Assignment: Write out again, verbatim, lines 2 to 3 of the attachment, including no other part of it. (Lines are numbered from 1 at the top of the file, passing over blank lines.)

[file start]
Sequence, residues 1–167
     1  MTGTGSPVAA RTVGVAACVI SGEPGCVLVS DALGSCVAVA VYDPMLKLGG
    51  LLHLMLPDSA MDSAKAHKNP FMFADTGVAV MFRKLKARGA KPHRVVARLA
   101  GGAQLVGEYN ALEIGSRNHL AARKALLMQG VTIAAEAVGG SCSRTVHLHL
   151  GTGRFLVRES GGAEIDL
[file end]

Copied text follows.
     1  MTGTGSPVAA RTVGVAACVI SGEPGCVLVS DALGSCVAVA VYDPMLKLGG
    51  LLHLMLPDSA MDSAKAHKNP FMFADTGVAV MFRKLKARGA KPHRVVARLA